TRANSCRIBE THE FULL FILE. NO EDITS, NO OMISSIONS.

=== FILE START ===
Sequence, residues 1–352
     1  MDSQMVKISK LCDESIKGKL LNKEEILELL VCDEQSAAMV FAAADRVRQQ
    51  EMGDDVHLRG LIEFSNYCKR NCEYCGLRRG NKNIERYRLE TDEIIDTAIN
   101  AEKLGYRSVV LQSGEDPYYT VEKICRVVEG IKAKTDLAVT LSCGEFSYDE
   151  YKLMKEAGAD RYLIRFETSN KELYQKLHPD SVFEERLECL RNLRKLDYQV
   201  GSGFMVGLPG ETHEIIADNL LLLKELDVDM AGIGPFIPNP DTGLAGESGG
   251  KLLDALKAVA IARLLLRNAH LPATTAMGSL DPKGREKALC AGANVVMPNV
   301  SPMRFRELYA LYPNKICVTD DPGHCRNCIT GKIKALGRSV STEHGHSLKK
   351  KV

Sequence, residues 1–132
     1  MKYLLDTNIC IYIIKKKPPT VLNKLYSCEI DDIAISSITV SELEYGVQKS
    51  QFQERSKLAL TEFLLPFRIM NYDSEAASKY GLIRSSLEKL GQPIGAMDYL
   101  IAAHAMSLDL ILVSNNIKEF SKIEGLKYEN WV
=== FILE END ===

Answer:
Sequence, residues 1–352
     1  MDSQMVKISK LCDESIKGKL LNKEEILELL VCDEQSAAMV FAAADRVRQQ
    51  EMGDDVHLRG LIEFSNYCKR NCEYCGLRRG NKNIERYRLE TDEIIDTAIN
   101  AEKLGYRSVV LQSGEDPYYT VEKICRVVEG IKAKTDLAVT LSCGEFSYDE
   151  YKLMKEAGAD RYLIRFETSN KELYQKLHPD SVFEERLECL RNLRKLDYQV
   201  GSGFMVGLPG ETHEIIADNL LLLKELDVDM AGIGPFIPNP DTGLAGESGG
   251  KLLDALKAVA IARLLLRNAH LPATTAMGSL DPKGREKALC AGANVVMPNV
   301  SPMRFRELYA LYPNKICVTD DPGHCRNCIT GKIKALGRSV STEHGHSLKK
   351  KV

Sequence, residues 1–132
     1  MKYLLDTNIC IYIIKKKPPT VLNKLYSCEI DDIAISSITV SELEYGVQKS
    51  QFQERSKLAL TEFLLPFRIM NYDSEAASKY GLIRSSLEKL GQPIGAMDYL
   101  IAAHAMSLDL ILVSNNIKEF SKIEGLKYEN WV